3 2. A solution of sodium carbonate was prepared by dissolving a known mass of anhydrous sodium carbonate (Na 2 CO 3 ) in deionised water in a beaker and transferring it to F a 500 cm 3 flask like that shown in the diagram. (a) What name is given to the type of flask labelled F? (5) (c) (d) State one precaution taken to ensure that all of the sodium carbonate in the beaker ended up in F. (3) Sketch flask F in your answer book and show clearly the surface of the solution near line L when the flask is filled to exactly 500 cm 3. (6) Explain why flask F must be inverted several times after filling to line L and stoppering. (3) (e) Calculate the mass of anhydrous sodium carbonate (Na 2 CO 3 ) required to prepare exactly 500 cm 3 of a solution of concentration 0.05 moles per litre. (9) It was found by titration that 25.0 cm 3 of the 0.05 M solution of sodium carbonate required 22.7 cm 3 of a hydrochloric acid solution for neutralisation according to the following balanced equation: (f) 500 cm 3 2HCl + Na 2 CO 3 2NaCl + H 2 O + CO 2 Name the piece of equipment used to measure out (i) 25.0 cm 3 of the sodium carbonate solution, (ii) 22.7 cm 3 of the hydrochloric acid solution required for neutralisation. (6) (g) Name a suitable indicator for this titration. State the colour change of the indicator at the end point. (9) (h) Find the concentration of the hydrochloric acid solution in moles per litre. (9) F L 3. In a school laboratory a group of students carried out investigations on water from a nearby river. (a) A flame test was carried out to test for potassium ions in the water from potassium nitrate (KNO 3 ) in the run-off of fertiliser from farms in the area. What colour flame would indicate the presence of potassium? (5) U The diagram shows the result of a test for the nitrate ion in the river water. (i) What colour ring R is a positive test for the nitrate ion? R (ii) What acid is added during the test and makes up the lower layer L? L (iii) What salt is used as the reagent in the upper layer U? (iv) What problem could arise in the river as a result of fertiliser run-off? (15) (c) Describe the steps the students could have taken to measure the concentration of suspended solids in the river water. (9) (d) Describe with the aid of a labelled diagram how the concentration of dissolved solids could have been measured. (9) (e) The students found that 500 cm 3 of the river water contained 0.03 g of suspended solids and that 200 cm 3 of the water contained 0.13 g of dissolved solids. Find the concentration (i) of suspended solids in grams per litre, (ii) of dissolved solids in grams per litre and in mg per litre (p.p.m.). (12) Page 3 of 8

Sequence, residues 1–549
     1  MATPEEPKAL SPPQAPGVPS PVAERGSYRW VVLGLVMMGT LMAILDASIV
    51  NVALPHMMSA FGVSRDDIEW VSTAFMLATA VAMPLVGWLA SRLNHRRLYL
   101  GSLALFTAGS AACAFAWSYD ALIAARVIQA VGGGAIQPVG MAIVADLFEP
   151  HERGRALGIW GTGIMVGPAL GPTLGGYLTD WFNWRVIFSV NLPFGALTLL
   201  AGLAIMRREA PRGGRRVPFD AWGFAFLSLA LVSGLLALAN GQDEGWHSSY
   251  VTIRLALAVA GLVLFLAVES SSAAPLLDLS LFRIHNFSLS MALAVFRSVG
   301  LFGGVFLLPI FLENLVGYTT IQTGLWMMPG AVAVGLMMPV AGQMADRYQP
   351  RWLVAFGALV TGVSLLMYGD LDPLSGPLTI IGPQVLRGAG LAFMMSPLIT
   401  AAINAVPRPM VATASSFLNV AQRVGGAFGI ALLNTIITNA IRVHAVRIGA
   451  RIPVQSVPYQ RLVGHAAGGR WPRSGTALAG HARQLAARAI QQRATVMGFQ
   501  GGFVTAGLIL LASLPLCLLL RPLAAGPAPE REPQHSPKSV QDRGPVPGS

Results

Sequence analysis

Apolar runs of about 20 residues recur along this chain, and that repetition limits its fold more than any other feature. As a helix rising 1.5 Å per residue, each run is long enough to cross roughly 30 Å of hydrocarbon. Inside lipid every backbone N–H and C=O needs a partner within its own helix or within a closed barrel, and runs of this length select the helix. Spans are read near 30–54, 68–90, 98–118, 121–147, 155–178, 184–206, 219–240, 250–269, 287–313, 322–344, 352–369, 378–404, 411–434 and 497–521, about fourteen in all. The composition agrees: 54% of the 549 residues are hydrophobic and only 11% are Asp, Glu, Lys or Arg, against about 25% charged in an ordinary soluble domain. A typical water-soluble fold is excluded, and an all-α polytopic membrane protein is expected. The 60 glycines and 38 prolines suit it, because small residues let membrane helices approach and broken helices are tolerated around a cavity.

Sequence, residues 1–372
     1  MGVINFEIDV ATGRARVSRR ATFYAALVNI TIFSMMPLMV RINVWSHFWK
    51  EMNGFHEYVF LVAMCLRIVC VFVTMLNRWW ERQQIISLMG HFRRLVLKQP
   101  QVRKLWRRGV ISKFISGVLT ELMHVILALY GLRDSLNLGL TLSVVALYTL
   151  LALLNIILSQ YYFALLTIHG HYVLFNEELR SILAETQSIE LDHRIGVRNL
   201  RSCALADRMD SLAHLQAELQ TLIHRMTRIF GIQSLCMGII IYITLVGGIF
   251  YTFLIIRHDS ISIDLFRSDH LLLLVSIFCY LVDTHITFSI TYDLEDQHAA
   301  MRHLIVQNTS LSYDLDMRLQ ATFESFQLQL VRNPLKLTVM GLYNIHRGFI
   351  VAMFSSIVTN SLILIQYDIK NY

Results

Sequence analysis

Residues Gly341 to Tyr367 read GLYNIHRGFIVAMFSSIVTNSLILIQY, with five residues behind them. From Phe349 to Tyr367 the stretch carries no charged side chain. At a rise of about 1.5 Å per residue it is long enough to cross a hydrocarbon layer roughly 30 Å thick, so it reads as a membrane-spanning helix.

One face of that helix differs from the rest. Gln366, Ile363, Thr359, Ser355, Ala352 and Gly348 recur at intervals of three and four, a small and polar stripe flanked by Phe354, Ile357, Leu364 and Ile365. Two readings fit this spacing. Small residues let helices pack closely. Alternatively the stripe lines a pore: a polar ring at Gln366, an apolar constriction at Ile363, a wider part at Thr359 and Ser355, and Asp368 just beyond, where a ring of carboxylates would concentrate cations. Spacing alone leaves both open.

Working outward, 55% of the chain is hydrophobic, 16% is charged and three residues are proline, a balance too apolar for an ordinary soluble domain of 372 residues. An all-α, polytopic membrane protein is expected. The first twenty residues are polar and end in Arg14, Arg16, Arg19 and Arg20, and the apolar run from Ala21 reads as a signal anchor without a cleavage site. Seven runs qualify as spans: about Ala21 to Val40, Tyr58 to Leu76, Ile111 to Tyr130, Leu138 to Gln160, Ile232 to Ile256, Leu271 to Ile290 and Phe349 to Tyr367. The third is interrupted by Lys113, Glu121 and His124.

4 Section B See page 1 for instructions regarding the number of questions to be answered. 4. Answer eight of the following (a),, (c), etc. (50) (a) (c) (d) (e) (f) (g) (h) (i) (j) The element with atomic number 101, Mendelevium, is named in honour of the Russian scientist Dmitri Mendeleev. What was Mendeleev s contribution to Chemistry that led to this honour? According to Bohr s atomic theory, what happens to an electron in a hydrogen atom after it reaches an excited state? What is the shape of a water molecule? Write a balanced equation for the reaction that occurs when magnesium burns in oxygen. How many electrons are shared between the atoms in (i) a single covalent bond, (ii) a triple covalent bond? State Boyle s law. Name or give the symbol of a metallic element used as a catalyst in the catalytic converter of a car. Give the name or formula of the carboxylic acid in vinegar. At which of the three stages of sewage treatment are phosphates and nitrates removed? Name the separation technique in which a mobile phase carrying a mixture is caused to move in contact with a selectively adsorbent stationary phase. The mixture may contain coloured or colourless components. (k) Answer part A or part B. A Identify two greenhouse gases in the following list: oxygen carbon dioxide nitrogen methane or B Identify two metals in the following list that corrode easily when exposed to air: calcium gold mercury sodium 5. The diagram shows a small part of a sodium chloride (NaCl) crystal, made up of sodium ions and chloride ions electrostatically attracted to each other. Sodium chloride crystals can be dissolved in water and the resulting solution conducts electricity. (a) What is an ion? (5) Draw a diagram to show the arrangement of electrons in a sodium atom. Explain in words how a sodium atom becomes a sodium ion. (9) (c) Draw a diagram to show the arrangement of all 17 electrons in a chlorine atom. Explain in words how a chlorine atom becomes a chloride ion. (9) (d) Why are chlorine atoms smaller than sodium atoms? (6) (e) Define electronegativity. Use electronegativity values (page 81 Formulae and Tables booklet) to predict the type of bonding in a water molecule. Explain why (i) sodium chloride can be dissolved in water, (ii) sodium chloride solution can conduct electricity. (21) Page 4 of 8